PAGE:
Private employer vaccine mandate revived by 6th U.S. Circuit Court
- The 6th U.S. Circuit Court of Appeals in Cincinnati lifted a November injunction that had blocked the enforcement of the COVID-19 Vaccine and Testing Emergency Temporary Standard from the Occupational Safety and Health Administration (OSHA), which applies to businesses with at least 100 workers.
- Within hours of the ruling, at least three petitions were filed with the U.S. Supreme Court, asking it to immediately block the mandate.
- The rule requires companies to determine who among their workers are vaccinated and who are not, and to enforce a mask mandate for unvaccinated workers. The new deadline for those steps is Jan. 10th.
- The Labor Department announced that OSHA would not issue citations for noncompliance with the testing requirement before Feb. 9th, “so long as an employer is exercising reasonable, good faith efforts to come into compliance” with the rule.
What Should Employers Be Doing?
Fisher Phillips, a highly respected and reputable law firm, recommends the following in order to prepare for the January 10th and February 9th requirements:
- Determine if you are covered by the ETS. Work with your workplace safety counsel to answer the following questions: Is your workplace covered by OSHA normally? If so, do you have more than 100 employees nationwide? Or, are you exempt because you are covered by either the Healthcare COVID-19 ETS or Federal Contractor mandate? (More on this below).
- If you are covered, gather vaccine status information on your workforce and develop the required vaccination roster for employees, noting whether or not they are fully vaccinated as defined under the ETS. This information (the percentage of vaccinated workers) will allow you to determine if you will mandate vaccines or conduct testing under the ETS.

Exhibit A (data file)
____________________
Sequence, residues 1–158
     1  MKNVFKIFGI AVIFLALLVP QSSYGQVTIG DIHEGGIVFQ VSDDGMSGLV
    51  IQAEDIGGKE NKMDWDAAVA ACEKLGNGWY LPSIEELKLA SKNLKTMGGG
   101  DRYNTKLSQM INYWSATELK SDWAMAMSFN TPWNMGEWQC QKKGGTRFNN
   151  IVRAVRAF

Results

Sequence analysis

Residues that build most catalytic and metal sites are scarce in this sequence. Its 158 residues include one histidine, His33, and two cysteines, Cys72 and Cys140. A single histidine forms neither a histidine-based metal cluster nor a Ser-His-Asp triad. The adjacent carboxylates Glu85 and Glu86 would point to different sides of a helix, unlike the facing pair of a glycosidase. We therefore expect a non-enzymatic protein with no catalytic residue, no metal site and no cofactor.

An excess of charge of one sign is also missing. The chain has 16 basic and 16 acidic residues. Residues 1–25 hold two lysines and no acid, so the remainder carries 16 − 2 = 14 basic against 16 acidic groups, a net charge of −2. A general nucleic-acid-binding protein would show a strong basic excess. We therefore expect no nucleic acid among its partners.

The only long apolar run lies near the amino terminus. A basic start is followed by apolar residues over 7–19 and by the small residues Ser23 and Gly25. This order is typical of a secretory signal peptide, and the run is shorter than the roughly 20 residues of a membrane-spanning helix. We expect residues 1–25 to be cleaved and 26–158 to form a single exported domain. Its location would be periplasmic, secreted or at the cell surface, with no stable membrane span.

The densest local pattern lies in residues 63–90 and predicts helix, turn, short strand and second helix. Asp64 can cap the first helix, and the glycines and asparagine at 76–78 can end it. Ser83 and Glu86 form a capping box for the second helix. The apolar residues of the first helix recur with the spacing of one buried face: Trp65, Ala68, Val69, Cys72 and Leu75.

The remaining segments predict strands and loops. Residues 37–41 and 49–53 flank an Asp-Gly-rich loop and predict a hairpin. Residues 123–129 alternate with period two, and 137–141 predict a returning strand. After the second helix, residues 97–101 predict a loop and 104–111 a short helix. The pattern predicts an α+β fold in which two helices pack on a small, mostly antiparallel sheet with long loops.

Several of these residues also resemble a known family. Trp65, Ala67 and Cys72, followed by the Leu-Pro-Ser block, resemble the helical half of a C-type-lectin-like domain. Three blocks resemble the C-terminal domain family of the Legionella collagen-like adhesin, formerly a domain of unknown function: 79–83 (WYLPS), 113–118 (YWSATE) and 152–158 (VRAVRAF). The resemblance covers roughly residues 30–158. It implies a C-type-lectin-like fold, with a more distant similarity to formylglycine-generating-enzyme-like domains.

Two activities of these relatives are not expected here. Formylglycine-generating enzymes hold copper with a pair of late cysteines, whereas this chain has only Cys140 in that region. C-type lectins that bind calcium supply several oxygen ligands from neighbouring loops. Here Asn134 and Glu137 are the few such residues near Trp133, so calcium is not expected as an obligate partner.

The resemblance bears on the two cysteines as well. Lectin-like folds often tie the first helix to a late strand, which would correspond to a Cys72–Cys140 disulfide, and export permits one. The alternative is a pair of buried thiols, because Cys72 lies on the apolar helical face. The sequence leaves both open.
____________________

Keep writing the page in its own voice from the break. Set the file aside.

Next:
- Depending on your decision, develop the required mandatory vaccine and/or testing/masking policies required under the ETS – and make sure they are adapted to your own unique workplace. While you don’t necessarily need to implement these policies before January 10th, you should be ready to implement them as soon as possible and be prepared to demonstrate good faith efforts to put them into place. Of course, if your organization has low risk tolerance, you could proceed with implementing the policies before January 10th.
- Develop programs that would allow you to conduct compliance training for your managers and deliver information about your policies to your employees as required under the ETS. You may want to conduct this training and start your informational campaign before the January 10th deadline to further demonstrate your good faith efforts.
- If you decide to provide the COVID-19 testing option, then in addition to implementing the above requirements by January 10, you should be prepared to have unvaccinated employees demonstrate proof of a negative test as of February 9th.
We will continue monitoring any developments and provide further information, as needed.